Ante-Nicene Fathers/Volume V/Novatian/A Treatise of Novatian Concerning the Trinity/Part 3
Chapter III. Argument.—That God is the Founder of All Things, Their Lord and Parent, is Proved from the Holy Scriptures.
Him, then, we acknowledge and know to be God, the Creator of all things—Lord on account of His power, Parent on account of His discipline—Him, I say, who “spake, and all things were made;” He commanded, and all things went forth: of whom it is written, “Thou hast made all things in wisdom;” of whom Moses said, “God in heaven above, and in the earth beneath;” who, according to Isaiah, “hath meted out the heaven with a span, the earth with the hollow of His hand;” “who looketh on the earth, and maketh it tremble; who boundeth the circle of the earth, and those that dwell in it like locusts; who hath weighed the mountains in a balance, and the groves in scales,” that is, by the sure test of divine arrangement; and lest its greatness, lying unequally, should easily fall into ruins if it were not balanced with equal weights, He has poised this burden of the earthly mass with equity. Who says by the prophet, “I am God, and there is none beside me.” Who says by the same prophet, “Because I will not give my majesty to another,” that He may exclude all heathens and heretics with their figments; proving that that is not God who is made by the hand of the workman, nor that which is feigned by the intellect of a heretic. For he is not God for whose existence the workman must be asked. And He has added hereto by the prophet, “The heaven is my throne, and the earth is my footstool: what house will ye build me, and where is the place of my rest?” that He may show that He whom the world does not contain is much less contained in a temple; and He says these things not for boastfulness of Himself, but for our knowledge. For He does not desire from us the glory of His magnitude; but He wishes to confer upon us, even as a father, a religious wisdom. And He, wishing moreover to attract to gentleness our minds, brutish, and swelling, and stubborn with cloddish ferocity, says, “And upon whom shall my Spirit rest, save upon him that is lowly, and quiet, and that trembleth at my words?”—so that in some degree one may recognise how great God is, in learning to fear Him by the Spirit given to him: Who, similarly wishing still more to come into our knowledge, and, by way of stirring up our minds to His worship, said, “I am the Lord, who made the light and created the darkness;” that we might deem not that some Nature,—what I know not,—was the artificer of those vicissitudes whereby nights and days are controlled, but might rather, as is more true, recognise God as their Creator. And since by the gaze of our eyes we cannot see Him, we rightly learn of Him from the greatness, and the power, and the majesty of His works. “For the invisible things of Him,” says the Apostle Paul,” from the creation of the world, are clearly seen, being understood by those things which are made, even His eternal power and godhead;” so that the human mind, learning hidden things from those that are manifest, from the greatness of the works which it should behold, might with the eyes of the mind consider the greatness of the Architect. Of whom the same apostle, “Now unto the King eternal, immortal, invisible, the only God, be honour and glory.” For He has gone beyond the contemplation of the eyes who has surpassed the greatness of thought. “For,” it is said, “of Him, and through Him, and in Him are all things.” For all things are by His command, because they are of Him; and are ordered by His word as being through Him; and all things return to His judgment; as in Him expecting liberty when corruption shall be done away, they appear to be recalled to Him.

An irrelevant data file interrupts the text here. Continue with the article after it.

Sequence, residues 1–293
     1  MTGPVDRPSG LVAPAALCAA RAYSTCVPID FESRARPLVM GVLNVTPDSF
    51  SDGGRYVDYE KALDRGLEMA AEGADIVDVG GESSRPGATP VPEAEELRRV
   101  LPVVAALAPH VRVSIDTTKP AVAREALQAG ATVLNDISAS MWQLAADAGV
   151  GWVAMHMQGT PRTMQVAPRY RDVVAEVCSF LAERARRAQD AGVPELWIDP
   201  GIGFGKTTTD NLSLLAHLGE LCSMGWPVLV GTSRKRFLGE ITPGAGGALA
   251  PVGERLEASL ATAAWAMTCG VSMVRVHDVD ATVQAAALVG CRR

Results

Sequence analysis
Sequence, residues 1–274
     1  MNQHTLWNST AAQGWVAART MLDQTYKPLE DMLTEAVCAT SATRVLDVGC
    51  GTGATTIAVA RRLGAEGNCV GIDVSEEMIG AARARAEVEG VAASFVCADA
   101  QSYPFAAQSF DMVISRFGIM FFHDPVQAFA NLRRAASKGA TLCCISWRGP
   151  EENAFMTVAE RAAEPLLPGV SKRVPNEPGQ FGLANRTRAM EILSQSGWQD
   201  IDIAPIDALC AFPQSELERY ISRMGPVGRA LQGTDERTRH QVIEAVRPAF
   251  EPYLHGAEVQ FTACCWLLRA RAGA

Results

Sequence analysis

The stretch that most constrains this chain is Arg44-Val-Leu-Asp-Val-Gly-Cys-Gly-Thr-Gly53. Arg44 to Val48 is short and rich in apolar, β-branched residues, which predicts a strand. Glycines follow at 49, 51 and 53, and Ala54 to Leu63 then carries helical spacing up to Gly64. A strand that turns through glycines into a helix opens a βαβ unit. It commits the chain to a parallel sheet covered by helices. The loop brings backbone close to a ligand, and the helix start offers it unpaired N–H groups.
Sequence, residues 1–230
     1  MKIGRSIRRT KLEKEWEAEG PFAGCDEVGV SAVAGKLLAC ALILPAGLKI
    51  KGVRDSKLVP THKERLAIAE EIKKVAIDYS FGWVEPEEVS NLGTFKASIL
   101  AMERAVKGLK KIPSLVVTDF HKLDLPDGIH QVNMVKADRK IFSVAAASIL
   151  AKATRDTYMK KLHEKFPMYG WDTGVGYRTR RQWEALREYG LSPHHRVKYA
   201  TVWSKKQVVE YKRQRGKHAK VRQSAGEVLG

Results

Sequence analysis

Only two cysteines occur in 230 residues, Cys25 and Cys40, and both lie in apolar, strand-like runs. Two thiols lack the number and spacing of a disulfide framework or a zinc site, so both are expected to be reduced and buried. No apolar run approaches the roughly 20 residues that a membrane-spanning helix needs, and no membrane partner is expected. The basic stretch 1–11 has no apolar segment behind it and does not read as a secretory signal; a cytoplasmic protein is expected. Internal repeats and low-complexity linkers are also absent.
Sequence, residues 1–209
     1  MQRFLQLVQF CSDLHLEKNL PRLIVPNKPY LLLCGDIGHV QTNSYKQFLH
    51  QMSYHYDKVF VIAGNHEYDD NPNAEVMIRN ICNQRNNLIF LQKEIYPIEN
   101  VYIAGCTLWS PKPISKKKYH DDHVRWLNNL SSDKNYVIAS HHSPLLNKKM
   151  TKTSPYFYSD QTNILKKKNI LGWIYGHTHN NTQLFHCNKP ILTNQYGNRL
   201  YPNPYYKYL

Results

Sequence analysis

- Ps. cxlviii. 5.
- Ps. ciii. 24.
- Deut. iv. 39.
- Ps. ciii. 32.
- Isa. xl. 22, 12.
- Isa. xlv. 22.
- Isa. xlii. 8.
- Isa. lxvi. 1. [No portable or pocket god.]
- Isa. lxvi. 2.
- Isa. xlv. 7. [A lesson to our age.]
- Rom. i. 20. [“So that they are without excuse.”]
- 1 Tim. i. 17.
- Rom. xi. 33.